DR MAX PEMBERTON: Cutting NHS beds may save money, but patients pay the price
- In England, there are now, on average, just 2.3 beds per 1,000 people
- READ MORE: Rein in NHS bosses who treat doctors as a nuisance
While it used to be said that the most sought-after piece of furniture in London was a table at The Ivy, now, it seems, a bed in an NHS hospital has become the most sought-after piece of furniture in the entire country.
Research released last week revealed that the total number of hospital beds in England has fallen since 2015 — and there are now, on average, just 2.3 beds per 1,000 people.
In some areas, it’s even worse: London’s Homerton University Hospital NHS Foundation Trust has just 0.9 beds per 1,000 people.
That’s equivalent to the number of beds per 1,000 people in Somalia in 2017.
Around the country it’s the same story: a staggering two-thirds of NHS hospital trusts have seen a reduction in the number of beds.
The total number of hospital beds in England has fallen since 2015, which means more patients are being left in A&E for extended periods
It’s a decline that started under the Labour governments of Tony Blair and Gordon Brown.
They presided over a disastrous hospital rebuilding scheme which resulted in hospitals with, on average, 30 per cent fewer beds.
These changes took place under the auspices of Private Finance Initiatives (PFIs), where private firms are contracted to complete and manage public projects. In this instance, the building and running of National Health Service hospitals.
In theory, this was meant to improve efficiency. In reality, it has ended up costing the NHS more.
And these extra costs have been met by cutting beds — because the fewer patients you treat, the less it costs.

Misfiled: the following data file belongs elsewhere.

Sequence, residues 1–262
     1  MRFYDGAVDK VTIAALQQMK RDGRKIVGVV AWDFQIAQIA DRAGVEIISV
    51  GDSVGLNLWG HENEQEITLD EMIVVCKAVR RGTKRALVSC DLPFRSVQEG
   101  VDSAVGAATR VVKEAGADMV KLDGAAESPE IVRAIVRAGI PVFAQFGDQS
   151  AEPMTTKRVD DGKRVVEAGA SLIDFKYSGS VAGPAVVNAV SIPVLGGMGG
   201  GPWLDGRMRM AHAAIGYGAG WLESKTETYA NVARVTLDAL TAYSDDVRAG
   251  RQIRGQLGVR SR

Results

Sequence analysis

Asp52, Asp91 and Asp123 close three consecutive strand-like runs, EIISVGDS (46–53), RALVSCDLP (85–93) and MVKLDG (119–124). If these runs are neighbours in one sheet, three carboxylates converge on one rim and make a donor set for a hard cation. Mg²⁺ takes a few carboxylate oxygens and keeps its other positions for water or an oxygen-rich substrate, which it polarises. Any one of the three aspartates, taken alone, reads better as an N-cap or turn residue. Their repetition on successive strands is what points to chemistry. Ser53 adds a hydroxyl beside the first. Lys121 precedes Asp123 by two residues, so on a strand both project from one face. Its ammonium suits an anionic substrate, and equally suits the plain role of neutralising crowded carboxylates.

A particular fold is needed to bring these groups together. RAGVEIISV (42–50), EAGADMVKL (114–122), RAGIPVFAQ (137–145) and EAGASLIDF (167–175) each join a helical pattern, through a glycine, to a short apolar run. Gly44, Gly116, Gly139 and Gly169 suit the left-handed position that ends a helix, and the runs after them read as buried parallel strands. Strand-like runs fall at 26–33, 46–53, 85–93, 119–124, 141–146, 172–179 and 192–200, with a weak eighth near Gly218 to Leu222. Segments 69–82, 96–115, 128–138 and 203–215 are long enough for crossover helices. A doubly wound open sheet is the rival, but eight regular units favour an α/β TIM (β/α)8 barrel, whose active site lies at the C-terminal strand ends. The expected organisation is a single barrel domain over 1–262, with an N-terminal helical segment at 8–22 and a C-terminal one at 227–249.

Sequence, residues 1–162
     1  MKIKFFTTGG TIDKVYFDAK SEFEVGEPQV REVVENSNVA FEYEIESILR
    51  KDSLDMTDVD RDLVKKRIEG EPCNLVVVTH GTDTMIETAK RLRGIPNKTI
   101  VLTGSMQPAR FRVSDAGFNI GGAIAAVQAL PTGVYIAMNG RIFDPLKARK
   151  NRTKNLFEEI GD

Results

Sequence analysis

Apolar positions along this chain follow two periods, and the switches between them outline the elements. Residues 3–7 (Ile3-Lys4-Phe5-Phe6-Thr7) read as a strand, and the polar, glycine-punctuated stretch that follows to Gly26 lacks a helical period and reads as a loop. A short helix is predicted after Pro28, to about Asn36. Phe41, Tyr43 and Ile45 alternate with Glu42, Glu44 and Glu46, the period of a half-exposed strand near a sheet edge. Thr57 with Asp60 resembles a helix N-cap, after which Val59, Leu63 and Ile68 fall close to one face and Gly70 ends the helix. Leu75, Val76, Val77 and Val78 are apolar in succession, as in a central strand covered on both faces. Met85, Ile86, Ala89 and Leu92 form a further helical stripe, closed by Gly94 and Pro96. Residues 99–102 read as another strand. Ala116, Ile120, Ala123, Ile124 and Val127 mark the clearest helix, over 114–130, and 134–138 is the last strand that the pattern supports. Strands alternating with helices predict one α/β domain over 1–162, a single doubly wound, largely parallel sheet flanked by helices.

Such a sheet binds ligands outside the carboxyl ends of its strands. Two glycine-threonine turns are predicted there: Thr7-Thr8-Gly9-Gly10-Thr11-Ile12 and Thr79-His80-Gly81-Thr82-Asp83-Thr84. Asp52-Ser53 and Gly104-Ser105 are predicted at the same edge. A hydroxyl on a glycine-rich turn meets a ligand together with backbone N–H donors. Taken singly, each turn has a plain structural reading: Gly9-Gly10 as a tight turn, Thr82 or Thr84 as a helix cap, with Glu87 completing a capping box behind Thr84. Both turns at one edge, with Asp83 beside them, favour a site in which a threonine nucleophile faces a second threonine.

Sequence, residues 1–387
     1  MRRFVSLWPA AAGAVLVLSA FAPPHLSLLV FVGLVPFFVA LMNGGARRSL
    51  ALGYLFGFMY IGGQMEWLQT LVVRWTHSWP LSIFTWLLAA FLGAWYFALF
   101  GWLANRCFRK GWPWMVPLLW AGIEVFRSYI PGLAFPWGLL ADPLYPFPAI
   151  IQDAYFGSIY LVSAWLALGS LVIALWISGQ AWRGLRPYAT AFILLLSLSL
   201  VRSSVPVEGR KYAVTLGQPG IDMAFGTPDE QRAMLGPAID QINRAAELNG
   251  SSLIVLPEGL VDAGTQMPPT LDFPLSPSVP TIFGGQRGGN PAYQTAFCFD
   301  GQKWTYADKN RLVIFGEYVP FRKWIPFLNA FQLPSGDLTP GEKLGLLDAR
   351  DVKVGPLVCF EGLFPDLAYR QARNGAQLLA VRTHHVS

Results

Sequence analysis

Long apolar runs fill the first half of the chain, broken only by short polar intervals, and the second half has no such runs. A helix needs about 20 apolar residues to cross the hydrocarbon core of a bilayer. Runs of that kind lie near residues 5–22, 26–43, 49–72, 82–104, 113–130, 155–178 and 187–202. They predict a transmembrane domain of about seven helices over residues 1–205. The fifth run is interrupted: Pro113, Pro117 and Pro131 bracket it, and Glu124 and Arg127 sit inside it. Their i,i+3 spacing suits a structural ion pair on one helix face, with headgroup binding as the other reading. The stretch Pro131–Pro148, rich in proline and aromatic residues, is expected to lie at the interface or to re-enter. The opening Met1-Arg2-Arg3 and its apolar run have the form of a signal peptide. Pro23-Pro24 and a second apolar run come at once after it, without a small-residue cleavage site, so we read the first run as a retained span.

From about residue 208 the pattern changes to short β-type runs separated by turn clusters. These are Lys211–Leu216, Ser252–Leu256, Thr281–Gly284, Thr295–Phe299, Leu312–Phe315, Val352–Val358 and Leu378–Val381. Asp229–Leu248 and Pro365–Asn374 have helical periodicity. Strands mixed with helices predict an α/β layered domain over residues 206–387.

And so for hospital bosses wanting to reduce costs, cutting bed numbers is a brilliant wheeze.
But this, of course, is a false economy — and has created a whole host of other problems.
Most hospitals in the UK now operate at 100 per cent capacity at least.
Dr Max Pemberton’s trust, along with countless others, has slashed the number of beds over the years, making the current situation a self-inflicted disaster
Aside from the obvious issues with this, it’s worth noting that rates of the MRSA superbug are more than 40 per cent higher in hospitals with 90 per cent bed occupancy than in those with under 85 per cent, which is the norm in most European countries.
And yet still we cut beds.
I was talking about this with a friend last weekend as I’d just been on call and contending with the disastrous lack of ward space for mental health patients.
It’s common to deal with patients who have been brought into A&E needing urgent psychiatric care for acute psychosis or suicidal depression.
They have often been so unwell that they’ve been detained under the Mental Health Act, yet they have to remain in A&E for days as there are no beds on the psychiatric ward.